Saturday, 25 October 2008

Identity, labels and food

Yesterday I went on the first of an 8 week "Condition Management Programme".
I knew how the day was going to be - been there done it loads of times over the years on various study courses, training things etc, but sometimes you just have to "play the game".
The first "activity" was "breaking the ice". I immediately said - oh, are we going to ask each other what animal we would choose to be ? To which I was told..no, no ! Its not that sort of thing !
Well it was that sort of thing, only we told our partners our fave food, film, who we would like to meet, where we would choose to be and then reported back our partners info. I know I am cynical about most things (and I really have done this stuff TOO many times) but still can't get over how others define us, or why we feel the need to define people.
By just chatting naturally, we could easily have broken the ice, I am sure, but now I am "Brenda who likes salad, would like to be in her back garden and would choose to meet Jesus if she could...." and my partner is (name) who likes the film "Sex in the City" and eats chilli and cheese.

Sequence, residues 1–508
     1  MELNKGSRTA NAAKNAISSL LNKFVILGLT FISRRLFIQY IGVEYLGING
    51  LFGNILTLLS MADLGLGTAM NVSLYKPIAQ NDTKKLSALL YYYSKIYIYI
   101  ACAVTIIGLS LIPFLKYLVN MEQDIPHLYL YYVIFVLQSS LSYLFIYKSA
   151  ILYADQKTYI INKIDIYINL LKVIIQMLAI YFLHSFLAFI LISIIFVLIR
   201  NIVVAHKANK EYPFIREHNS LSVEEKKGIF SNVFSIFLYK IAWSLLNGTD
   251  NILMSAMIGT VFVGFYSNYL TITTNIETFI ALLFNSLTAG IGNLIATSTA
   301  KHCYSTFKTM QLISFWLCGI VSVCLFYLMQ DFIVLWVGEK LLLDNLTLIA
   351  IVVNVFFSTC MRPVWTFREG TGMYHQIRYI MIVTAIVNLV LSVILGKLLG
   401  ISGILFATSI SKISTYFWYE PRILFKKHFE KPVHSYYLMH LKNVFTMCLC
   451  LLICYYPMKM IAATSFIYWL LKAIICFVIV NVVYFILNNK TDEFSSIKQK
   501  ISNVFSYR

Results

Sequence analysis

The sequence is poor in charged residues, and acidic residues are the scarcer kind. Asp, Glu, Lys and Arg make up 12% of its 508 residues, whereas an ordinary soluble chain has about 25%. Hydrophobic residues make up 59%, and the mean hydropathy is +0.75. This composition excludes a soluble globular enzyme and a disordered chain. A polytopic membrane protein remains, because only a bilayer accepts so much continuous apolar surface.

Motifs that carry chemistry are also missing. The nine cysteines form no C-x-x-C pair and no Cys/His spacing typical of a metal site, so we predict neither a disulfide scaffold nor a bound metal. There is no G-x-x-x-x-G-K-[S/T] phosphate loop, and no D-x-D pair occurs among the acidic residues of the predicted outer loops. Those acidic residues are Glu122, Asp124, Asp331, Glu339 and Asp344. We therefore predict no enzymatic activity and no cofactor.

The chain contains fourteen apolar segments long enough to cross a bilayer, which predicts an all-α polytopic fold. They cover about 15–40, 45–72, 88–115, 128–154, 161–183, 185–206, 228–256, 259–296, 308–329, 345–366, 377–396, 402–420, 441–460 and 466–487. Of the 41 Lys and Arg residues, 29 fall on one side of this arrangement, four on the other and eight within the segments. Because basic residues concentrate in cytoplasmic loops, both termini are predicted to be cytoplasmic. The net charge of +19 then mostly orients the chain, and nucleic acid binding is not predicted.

Is this really what we want or need to know about people to appreciate them more as a person, or what ? Am I alone in feeling patronised with this kind of "getting to know each other" activity that is so prevalent these days in "team building" ? Perhaps this is my superior attitude coming out, and I should be known as "the know it all". (Apologies for the amount of inverted commas in this but I am using others labels!)

We are all labelled, to a certain extent as something or other in the minds of people we meet,on first contact. Labels certainly do "stick" (except those post it notes you get from The Pound Shop) but most of us do this in our heads and then change opinion or not as the case may be as we get to know each other more. Questioning each other on favourite foods is a little shallow .... and today I just don't feel like eating salad at all, I feel more liking having a vindaloo.